The Dark Underbelly - Self Titled Debut

Paul Whyte

We’ve seen a lot of Twin Ports bands, and there are a few strange ones out there, but that seems to be where The Dark Underbelly excels. Their debut album is mix of rock with a good twist of whacky themes, riffs, and vocals from frontman, Robert Petoletti.
If you’re wondering what we mean by strange or whacky, let’s just start with the first track “Happy Blues for Jeffrey Dahmer.” As inappropriate as it may sound, the song is appropriately named. “He’s got body parts in the kitchen/Body parts in a vat/All the neighbors are bitchin’/It ain’t no scene to be at,” goes the chorus. It’s perhaps the psychedelic rock/blues feel of the song that makes it seem like it’s not really about the serial killer and cannibal from Wisconsin.
The album continues with “I’ll be a Petoletti Yet.” It should be noted that aside from Robert Petoletti on vocals, the younger Nick Petoletti plays drums. I’ve met Nick a few times and he doesn’t seem to be that bad of a drinker, but the song is about a woman who basically drinks excessively under the pretense that she will fit in with Petolettis. Let’s just say the drinking described in the song is pretty overboard.
The band is hard to pin down, as I mentioned it has a psychedelic rock and blues feel. The vocals really drive the music and it floats somewhere in the realm of Dead Kennedys, but not quite as punk, Primus, but not quite as funky, but close on the quirky aspects, GWAR, but not as obsessed with violence or the image, or perhaps Frank Zappa, but maybe not that far over the top. If any of that made sense, then maybe check out this band.
I think my favorite song on the album is “Judy Garland is Dead.” No, it’s not as long as “Bela Lugosi’s Dead” by the Bauhaus, but it is pretty epic. Joseph Anderson plays bass on the album and the thump of his bass lines have a mid-ranged pluckiness to them that contains that Primus feel, but not quite as technical. Cory Davis can really shred the guitar when he feels like it, but allows the vocals to shine through without distracting that energy. Finally there is Armond Blackwater on keys. Blackwater is the father of a man who goes by Ash Blackwater of Lorenzo’s Tractor, a rather strange and experimental band in their own right. They sometimes play as The Blackwater Tribe. I don’t think I’ve ever seen either of them play in a straight forward or conventional band ever, so it makes sense that Armond is part of this.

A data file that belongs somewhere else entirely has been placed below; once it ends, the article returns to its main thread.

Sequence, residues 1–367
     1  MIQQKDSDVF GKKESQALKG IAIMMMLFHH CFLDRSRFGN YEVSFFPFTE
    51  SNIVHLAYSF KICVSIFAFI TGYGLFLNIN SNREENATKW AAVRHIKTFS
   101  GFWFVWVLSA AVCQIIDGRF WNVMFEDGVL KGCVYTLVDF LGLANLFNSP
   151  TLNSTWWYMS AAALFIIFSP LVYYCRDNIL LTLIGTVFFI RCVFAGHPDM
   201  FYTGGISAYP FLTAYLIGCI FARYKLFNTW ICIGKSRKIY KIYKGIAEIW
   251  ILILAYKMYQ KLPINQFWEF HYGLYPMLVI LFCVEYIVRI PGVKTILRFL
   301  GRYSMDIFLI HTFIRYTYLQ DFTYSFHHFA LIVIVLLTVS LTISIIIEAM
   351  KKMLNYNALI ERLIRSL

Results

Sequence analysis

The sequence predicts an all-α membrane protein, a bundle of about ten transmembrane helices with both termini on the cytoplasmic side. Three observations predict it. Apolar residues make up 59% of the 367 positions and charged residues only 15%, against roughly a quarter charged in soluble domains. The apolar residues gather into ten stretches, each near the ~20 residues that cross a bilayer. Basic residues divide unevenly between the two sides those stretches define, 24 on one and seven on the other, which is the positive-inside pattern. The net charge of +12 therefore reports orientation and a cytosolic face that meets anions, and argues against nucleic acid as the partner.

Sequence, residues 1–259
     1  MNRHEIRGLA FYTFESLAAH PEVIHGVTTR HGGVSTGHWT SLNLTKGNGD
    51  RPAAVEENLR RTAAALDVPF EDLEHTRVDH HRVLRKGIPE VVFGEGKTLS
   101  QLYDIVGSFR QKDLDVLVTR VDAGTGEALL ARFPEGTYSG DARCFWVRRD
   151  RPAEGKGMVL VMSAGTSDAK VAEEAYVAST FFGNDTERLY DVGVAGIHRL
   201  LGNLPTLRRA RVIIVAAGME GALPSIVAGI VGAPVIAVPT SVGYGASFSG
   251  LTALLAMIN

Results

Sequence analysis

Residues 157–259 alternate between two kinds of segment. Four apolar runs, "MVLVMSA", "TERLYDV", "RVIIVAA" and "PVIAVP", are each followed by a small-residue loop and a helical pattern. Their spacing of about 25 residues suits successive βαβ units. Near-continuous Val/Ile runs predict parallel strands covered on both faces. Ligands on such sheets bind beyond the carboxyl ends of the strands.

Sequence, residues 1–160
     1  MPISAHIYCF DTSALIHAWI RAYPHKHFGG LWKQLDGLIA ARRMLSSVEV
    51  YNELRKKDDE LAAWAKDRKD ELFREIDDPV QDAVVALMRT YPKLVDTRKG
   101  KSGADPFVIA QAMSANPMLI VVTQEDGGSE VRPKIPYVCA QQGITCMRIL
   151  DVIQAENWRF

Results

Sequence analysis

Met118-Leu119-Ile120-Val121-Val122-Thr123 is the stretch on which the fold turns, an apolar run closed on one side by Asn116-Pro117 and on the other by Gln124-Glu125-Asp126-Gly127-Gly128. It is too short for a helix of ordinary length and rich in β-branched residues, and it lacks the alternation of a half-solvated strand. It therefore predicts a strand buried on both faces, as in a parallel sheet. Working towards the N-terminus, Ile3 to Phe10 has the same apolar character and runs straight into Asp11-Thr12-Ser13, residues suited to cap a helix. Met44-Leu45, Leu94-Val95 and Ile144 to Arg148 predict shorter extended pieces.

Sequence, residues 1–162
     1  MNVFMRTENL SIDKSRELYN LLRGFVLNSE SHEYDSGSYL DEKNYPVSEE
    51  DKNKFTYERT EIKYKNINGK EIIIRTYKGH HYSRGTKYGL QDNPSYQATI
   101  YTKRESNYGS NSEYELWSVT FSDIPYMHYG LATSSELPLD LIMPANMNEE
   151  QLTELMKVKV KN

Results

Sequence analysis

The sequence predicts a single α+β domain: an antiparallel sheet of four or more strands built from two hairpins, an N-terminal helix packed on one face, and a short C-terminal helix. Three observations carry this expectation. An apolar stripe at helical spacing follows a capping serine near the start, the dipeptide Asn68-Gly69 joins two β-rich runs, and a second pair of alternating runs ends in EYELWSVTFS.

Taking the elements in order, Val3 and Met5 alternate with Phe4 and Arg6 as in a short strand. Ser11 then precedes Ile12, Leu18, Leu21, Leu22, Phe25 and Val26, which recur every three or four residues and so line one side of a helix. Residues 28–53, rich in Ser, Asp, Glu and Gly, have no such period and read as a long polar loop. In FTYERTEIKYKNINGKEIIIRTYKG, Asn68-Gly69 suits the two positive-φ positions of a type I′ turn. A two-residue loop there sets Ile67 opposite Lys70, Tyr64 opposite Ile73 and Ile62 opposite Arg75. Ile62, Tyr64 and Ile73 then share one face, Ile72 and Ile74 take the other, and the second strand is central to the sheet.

The band will be officially releasing this new album on Friday, September 16 at Red Herring. Of special interest for the show, aside from the album release, is that the band Freight Train Rabbit Killer is back in town. They identify themselves as “doom blues/apocalyptic roots” and come from Kansas City, MO. I didn’t get the chance to see them, but my roommate did and he loved them. With his past as a DJ, I’ll take his word for it that they’re is something about them that is definitely cool and different. It looks like the show overall will be some interesting and original music that I can’t exactly fully describe. If you like it a little weird and a little rocking, you shouldn’t be disappointed.


Paul Whyte

A South Shore native and University of Wisconsin-Superior journalism graduate. Lifelong musician, and former open mic host. Passionate about the music scene and politics.

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